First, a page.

Imizwilili zika Nolufefe ‘Fefe’ Mtshabe

Nolufefe Mtshabe was woman who knew how difficult it is to allow the magnificence of opera to come into the homes of ordinary South Africans. She was never afraid to laugh and play with her musical skills, which enabled her to lend wisdom to how words and music cleave together. Hers was the creative energy that gave urgency and wit to an African Magic Flute and an African Carmen; hers was the hand, ear and heart that recognised great talent in her students. Soprano, conductor, choir mistress, mother, teacher and friend, Mtshabe died suddenly on February 23, at the age of 55.

A choir is like a life force. Comprising many performers, if reined in with robustness and wisdom, it can be endowed with the thrust of a volcano or a rainstorm. With Mtshabe at its helm, her choir shone with tone and colour, depth and focus. Indeed, choirs were the stepping stones through the career of Mtshabe, who was fondly known as “Fefe” or “Miss”. She was also a deeply gifted teacher and the push behind South African-born opera stars Pretty Yende, Pauline Malefane, Pumeza Matshikiza and Monde Masimini, among others, that helped them to their brilliant careers.

When she was about eight years old, Mtshabe, who was born on November 27 1964 in the small town of Tsomo in the Eastern Cape, was fast-tracked by a teacher, one Mr Tukulu, into a choir comprising choristers who were already in high school. She graduated to Bianca Voices choir under the baton of Mandisa Nguza, a significant predecessor to most choirs in the district, and then Umtata Choral Society, under Lindelwa Nqatha, while she was studying education at Butterworth College.

It was in her first job, however — at Masiyile Senior Secondary School in Khayelitsha, Cape Town — that things began to happen for Mtshabe. She was taken on in a voluntary capacity and here she met Sheila Speelman, who introduced her to the robust competitiveness among South African choirs.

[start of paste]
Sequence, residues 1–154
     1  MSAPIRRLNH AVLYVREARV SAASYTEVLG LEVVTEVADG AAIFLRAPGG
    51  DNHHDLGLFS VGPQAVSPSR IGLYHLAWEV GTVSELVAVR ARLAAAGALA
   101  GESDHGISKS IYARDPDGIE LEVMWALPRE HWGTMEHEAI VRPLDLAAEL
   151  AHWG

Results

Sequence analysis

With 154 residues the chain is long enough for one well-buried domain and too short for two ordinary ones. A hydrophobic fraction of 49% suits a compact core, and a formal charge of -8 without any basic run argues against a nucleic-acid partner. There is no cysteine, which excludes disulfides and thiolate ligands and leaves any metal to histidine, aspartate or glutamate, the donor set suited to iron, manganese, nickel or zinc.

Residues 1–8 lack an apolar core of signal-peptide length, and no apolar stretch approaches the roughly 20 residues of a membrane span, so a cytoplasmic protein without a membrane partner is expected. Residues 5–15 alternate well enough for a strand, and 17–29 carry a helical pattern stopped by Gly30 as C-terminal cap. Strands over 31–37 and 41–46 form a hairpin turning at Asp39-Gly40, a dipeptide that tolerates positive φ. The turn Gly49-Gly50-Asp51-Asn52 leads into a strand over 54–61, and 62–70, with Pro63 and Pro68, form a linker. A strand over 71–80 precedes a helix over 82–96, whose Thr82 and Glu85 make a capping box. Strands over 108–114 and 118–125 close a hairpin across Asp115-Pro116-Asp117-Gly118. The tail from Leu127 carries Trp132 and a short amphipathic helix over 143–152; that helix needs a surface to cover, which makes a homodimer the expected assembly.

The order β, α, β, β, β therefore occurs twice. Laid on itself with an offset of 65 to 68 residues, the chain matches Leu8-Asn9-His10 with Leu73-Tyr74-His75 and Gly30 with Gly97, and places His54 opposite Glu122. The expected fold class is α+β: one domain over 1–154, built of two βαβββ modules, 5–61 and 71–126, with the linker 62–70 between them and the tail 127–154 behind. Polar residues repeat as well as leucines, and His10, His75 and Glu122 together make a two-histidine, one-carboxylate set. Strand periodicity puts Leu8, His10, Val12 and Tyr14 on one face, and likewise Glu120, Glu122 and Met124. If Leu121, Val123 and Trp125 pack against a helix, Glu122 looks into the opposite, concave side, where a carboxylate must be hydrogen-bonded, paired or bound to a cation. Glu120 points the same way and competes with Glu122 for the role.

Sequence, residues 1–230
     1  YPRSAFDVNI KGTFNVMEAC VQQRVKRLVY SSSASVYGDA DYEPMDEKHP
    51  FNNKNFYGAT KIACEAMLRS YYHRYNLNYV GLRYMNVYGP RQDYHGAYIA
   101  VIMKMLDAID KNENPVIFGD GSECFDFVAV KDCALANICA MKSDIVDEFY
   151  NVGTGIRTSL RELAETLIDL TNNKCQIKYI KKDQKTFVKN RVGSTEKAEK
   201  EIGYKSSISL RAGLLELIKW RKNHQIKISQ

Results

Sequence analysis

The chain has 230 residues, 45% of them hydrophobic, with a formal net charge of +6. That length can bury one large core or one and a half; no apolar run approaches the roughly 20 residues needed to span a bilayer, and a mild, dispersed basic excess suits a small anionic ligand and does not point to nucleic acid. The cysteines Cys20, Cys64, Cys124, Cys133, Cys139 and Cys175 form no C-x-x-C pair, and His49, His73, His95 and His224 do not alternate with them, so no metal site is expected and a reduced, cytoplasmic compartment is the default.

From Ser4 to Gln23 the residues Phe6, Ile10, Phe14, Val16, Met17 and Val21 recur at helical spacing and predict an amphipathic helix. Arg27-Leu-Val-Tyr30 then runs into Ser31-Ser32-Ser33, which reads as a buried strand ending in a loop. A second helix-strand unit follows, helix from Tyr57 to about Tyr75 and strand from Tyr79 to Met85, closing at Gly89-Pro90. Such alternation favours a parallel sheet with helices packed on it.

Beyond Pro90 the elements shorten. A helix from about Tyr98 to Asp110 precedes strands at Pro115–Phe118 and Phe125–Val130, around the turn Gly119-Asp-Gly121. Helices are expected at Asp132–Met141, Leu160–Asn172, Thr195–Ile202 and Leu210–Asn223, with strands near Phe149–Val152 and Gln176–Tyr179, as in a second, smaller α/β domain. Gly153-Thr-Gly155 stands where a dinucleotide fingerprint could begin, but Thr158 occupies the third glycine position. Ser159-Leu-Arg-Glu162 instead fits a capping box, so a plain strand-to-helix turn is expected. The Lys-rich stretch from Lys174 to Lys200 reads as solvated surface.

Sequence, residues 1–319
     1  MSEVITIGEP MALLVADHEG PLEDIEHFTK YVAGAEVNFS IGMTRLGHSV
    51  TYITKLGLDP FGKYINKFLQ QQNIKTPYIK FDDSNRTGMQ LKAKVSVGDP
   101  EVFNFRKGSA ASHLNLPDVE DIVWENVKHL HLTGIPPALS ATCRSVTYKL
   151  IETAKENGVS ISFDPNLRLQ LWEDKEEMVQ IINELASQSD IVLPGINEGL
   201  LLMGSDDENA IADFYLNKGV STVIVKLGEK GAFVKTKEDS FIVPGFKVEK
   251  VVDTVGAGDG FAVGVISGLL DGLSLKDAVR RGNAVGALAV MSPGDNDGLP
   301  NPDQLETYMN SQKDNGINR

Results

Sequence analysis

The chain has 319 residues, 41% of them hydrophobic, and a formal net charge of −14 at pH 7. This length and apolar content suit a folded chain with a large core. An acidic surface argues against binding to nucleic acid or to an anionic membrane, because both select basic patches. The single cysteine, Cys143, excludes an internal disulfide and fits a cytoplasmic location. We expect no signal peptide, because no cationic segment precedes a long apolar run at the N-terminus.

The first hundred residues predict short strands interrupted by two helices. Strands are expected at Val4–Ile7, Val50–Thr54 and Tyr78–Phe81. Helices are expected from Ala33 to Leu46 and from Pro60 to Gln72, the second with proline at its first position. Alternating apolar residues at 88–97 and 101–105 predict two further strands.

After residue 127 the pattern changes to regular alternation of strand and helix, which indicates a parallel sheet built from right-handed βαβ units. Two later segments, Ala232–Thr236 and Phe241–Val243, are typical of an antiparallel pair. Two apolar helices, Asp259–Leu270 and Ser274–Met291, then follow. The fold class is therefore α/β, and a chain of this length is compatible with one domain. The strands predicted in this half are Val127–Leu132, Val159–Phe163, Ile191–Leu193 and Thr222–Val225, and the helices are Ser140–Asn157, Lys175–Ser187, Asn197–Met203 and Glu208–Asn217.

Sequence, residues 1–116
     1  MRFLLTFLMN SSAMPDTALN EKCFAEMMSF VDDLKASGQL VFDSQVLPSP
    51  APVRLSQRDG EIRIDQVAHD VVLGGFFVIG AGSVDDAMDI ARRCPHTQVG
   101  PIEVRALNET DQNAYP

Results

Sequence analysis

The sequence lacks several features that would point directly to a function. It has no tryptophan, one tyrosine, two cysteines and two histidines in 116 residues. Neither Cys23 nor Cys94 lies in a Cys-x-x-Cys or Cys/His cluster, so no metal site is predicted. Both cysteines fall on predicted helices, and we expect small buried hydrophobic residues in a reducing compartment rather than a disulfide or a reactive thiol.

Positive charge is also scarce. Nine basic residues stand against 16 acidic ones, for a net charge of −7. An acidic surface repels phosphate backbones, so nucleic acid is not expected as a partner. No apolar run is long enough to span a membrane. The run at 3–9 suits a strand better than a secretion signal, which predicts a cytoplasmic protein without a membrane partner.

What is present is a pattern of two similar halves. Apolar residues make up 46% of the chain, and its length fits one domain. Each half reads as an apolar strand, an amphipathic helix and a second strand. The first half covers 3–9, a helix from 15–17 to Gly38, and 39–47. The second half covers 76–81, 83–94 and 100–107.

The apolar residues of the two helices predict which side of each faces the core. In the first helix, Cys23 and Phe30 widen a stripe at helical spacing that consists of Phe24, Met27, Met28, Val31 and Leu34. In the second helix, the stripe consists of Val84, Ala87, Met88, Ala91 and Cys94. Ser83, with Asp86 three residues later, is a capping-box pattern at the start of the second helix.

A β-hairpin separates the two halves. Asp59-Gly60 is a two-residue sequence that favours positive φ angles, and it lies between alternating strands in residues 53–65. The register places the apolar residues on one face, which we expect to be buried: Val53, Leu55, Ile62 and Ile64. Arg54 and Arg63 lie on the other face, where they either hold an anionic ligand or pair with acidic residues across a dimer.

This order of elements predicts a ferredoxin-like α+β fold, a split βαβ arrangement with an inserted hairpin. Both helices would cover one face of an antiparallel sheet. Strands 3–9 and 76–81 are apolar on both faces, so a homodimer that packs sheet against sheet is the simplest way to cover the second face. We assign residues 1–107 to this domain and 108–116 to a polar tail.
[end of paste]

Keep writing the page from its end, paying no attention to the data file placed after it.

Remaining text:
Deeply aware of the lack of exposure black South African choristers and audiences had to the operatic medium, Mtshabe became the driver for a choir at Masiyile, and as such, aimed to polish it into the best choir ever. And she did. When the school won an inaugural regional choir competition, the die was cast: Mtshabe’s job was cemented with a salary and the choir became Masiyile’s flagship.

In 1995, bass-baritone Simon Estes, the first African-American opera singer who agreed to grace South African shores after the demise of apartheid, was in Cape Town, performing in a production of Verdi’s Nabucco at the then Nico Malan Theatre (now the Artscape). Local music co-ordinator Charles Banjatwa brought Mtshabe’s young choir to Estes’s attention and something ignited.

Mtshabe — a person of immense empathy, commitment and belief —Mtshabe put 100% of her effort into the choir, but kept some energy over for her own vocal career. In 1997, she performed in Gabriel Fauré’s Requiem at St George’s Cathedral in Cape Town, and swept United States-born conductor Kamal Khan off his feet, beginning an important friendship for both of them.